“Women in the Sand, A Story of Death Valley’s Original People” Screens in Lone Pine
The Museum of Western Film History in Lone Pine will host two screenings of the acclaimed documentary film, “Women in the Sand, A Story of Death Valley’s Original People.” The film will be shown on Saturday, Feb.23 at 1 p.m. and 3 p.m. in the museum’s movie theater.
Please call the museum at 760-876-9909 to make a reservation for the 3 p.m. screening. All available seats for the 1 p.m. show have been reserved. There is no fee to see the film, however, donations from both screenings will go to the Timbisha Shoshone Tribe’s Tupippuah Project to benefit the tribe.
The film tells the story of “two feisty Timbisha Shoshone elders,” Pauline Esteves, 93, a longtime activist on Native American issues, and her sister-in-law, Madeline Esteves, 84, a traditional Timbisha basket maker, noted Steve Jarvis, the film’s director, writer and producer. The film reveals the pair’s first-hand stories of living a traditional, nomadic lifestyle in Death Valley made up of hunting, gathering wild food, visiting sacred sites and participating in ancient tribal rituals, Jarvis said.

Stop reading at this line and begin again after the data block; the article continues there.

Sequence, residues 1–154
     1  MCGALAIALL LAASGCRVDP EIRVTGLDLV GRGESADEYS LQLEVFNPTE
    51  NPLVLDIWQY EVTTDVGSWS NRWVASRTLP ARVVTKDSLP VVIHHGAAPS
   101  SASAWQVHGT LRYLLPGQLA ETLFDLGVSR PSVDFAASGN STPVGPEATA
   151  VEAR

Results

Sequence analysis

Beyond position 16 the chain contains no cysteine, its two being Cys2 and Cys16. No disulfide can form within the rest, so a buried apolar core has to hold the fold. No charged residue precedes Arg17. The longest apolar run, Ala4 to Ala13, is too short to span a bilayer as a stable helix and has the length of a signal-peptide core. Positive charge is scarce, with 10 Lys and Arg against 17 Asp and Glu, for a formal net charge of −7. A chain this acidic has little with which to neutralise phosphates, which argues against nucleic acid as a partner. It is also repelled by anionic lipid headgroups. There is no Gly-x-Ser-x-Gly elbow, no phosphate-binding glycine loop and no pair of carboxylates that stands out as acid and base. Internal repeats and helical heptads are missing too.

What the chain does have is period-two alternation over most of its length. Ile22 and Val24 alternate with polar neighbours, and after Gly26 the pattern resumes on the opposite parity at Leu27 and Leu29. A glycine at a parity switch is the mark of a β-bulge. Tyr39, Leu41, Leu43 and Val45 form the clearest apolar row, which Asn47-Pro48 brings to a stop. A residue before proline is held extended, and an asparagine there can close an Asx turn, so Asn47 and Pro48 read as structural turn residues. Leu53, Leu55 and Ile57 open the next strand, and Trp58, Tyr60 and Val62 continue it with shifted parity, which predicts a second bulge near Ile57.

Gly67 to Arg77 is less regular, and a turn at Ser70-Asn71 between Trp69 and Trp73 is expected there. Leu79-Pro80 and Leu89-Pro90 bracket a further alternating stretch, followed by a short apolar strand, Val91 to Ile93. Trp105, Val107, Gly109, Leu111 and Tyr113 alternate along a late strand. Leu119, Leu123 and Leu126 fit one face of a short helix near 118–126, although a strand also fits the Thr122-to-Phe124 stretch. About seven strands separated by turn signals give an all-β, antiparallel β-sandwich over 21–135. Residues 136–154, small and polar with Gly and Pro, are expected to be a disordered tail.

Filmed in the Timbisha’s homeland in what is now Death Valley National Park, the film details how “for the past 60 years these tenacious women have fought for the tribe’s survival against mining companies, the Bureau of Indian Affairs, the National Park Service, con men and scoundrels of all types,” Jarvis said. “Undaunted, they continue to follow their ancestors’ wishes and fight to save their culture.”
The film has won numerous awards, and was an official selection at the 2017 Native American Film Festival and the 2018 Toronto International Independent Film Festival.
After the 1 p.m. screening, Pauline and Madeline and Jarvis will be available to take questions. Jarvis has confirmed he will be on hand for a Q&A session after the 3 p.m. screening.
The film showings are co-sponsored by the Museum of Western Film History and the Friends of the Eastern California Museum.
For reservations and more information, call the Museum of Western Film History at 760-876-9909.